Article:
Urgency connected with the COVID-19 pandemic has forced Cobb County, Georgia, officials to temporarily rescind an order effectively closing a facility that sterilizes medical equipment, including personal protective equipment used by healthcare personnel.
Sterigenics U.S. is now allowed to resume operations for the next three weeks but strictly for the purpose of sterilizing PPE alone, a press release issued by the company states.
The press release describes the county’s action as “woefully short of the measures need to protect public health,” referencing a U.S. Food and Drug Administration request that the Sterigenics plant be reopened.
The order “excludes sterilization of vital medical products and devices, including ventilator tubing, IV sets, catheters and many other medical products that are essential to patient care,” the press release states.
The controversy surrounding Sterigenics is its use of ethylene oxide to sterilize medical devices. While EtO is a commonly used method of sterilizing such equipment, the gas is a known cancer-causing agent.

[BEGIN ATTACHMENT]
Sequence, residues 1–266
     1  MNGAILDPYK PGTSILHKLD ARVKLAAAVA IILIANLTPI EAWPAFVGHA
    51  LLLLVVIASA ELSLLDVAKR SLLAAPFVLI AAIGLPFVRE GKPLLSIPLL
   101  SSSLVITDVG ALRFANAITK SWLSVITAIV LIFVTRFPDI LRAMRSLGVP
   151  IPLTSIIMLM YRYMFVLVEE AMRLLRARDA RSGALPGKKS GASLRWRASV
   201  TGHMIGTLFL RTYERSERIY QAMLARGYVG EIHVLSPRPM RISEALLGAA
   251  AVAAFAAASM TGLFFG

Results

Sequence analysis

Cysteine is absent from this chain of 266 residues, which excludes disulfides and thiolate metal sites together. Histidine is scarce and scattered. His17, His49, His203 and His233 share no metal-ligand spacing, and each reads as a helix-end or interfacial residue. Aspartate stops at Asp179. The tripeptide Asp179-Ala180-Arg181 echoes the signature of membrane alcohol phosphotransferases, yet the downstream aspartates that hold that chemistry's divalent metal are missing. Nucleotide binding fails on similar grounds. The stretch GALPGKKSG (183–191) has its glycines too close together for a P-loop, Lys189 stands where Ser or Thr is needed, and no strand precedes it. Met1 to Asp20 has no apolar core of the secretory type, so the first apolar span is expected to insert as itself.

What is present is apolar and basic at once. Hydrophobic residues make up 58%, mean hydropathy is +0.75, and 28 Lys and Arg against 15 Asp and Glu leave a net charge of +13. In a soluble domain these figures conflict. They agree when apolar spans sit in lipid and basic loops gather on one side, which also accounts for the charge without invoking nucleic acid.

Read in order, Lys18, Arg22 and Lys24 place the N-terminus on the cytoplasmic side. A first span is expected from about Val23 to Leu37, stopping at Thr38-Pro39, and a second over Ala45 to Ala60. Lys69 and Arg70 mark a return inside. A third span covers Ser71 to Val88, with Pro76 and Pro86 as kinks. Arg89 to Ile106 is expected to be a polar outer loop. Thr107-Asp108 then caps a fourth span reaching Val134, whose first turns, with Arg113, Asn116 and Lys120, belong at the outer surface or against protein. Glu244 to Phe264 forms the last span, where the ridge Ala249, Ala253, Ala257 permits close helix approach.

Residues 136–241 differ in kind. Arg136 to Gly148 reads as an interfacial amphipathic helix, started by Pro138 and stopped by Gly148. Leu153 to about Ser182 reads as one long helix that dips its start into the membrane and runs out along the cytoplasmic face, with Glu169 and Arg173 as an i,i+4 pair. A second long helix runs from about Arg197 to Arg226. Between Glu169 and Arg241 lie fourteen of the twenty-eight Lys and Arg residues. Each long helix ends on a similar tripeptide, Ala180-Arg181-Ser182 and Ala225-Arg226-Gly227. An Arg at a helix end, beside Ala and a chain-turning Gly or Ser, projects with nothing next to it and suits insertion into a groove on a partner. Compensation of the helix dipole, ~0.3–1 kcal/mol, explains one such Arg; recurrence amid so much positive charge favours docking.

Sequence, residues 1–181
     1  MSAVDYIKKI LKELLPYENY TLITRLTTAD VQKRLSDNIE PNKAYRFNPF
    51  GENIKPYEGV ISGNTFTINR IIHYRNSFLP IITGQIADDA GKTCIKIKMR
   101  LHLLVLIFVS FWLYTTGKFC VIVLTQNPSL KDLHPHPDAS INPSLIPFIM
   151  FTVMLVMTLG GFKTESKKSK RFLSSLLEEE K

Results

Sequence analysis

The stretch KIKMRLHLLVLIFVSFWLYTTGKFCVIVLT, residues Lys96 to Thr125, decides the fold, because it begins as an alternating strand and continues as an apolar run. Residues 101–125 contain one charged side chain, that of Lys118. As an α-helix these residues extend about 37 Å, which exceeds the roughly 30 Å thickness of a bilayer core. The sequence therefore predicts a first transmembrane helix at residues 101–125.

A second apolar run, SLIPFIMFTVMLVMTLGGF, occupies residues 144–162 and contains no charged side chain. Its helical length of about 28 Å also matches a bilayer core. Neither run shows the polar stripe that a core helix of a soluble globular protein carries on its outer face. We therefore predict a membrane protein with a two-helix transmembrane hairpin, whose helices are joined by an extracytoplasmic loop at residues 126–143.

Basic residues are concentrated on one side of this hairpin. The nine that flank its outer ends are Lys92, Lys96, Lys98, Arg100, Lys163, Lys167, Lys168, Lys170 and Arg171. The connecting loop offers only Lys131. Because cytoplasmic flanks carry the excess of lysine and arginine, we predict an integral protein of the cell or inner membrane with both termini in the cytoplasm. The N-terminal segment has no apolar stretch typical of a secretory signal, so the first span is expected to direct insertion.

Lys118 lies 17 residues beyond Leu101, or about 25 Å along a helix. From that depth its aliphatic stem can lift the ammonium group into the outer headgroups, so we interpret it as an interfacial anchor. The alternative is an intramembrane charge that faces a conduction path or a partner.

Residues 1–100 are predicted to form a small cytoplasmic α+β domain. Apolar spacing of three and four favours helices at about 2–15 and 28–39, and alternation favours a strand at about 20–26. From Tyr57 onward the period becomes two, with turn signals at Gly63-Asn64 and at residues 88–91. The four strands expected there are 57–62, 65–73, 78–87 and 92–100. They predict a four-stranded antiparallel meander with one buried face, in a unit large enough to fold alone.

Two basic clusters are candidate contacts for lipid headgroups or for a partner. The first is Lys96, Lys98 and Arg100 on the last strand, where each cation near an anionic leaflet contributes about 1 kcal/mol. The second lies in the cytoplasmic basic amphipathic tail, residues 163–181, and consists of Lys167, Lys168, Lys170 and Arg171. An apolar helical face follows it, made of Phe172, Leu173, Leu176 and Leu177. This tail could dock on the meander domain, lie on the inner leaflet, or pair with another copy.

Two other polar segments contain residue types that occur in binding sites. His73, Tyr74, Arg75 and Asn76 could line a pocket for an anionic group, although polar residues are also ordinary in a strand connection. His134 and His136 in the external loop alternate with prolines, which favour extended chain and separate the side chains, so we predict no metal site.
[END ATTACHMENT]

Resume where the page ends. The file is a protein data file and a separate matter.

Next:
In February 2019, the Illinois Environmental Protection Agency issued an order to prohibit the use of EtO at a Sterigenics facility in Willowbrook after air testing found it in high enough concentrations to pose a public health hazard.
Last August, Sterigenics shut its Cobb County plant to upgrade emission controls for EtO. However, in September, county officials declared that a more comprehensive inspection of the facility would be required before it could reopen.
On Tuesday, third party testing of a negative pressure system designed to capture indoor air and route it though the newly installed air pollutions control device indicated that “the system appears to be working as designed,” a letter issued by the Georgia Department of Natural Resources states,
“The testing was done without the use of ethylene oxide,” the letter states.
In its press release, Sterigenics said it would take immediate steps to resume sterilization of PPE while continuing to press for permission to resume full operation.
The county’s action to temporarily reopen Sterigenics “omits necessary medical products at a critical time,” the press release states.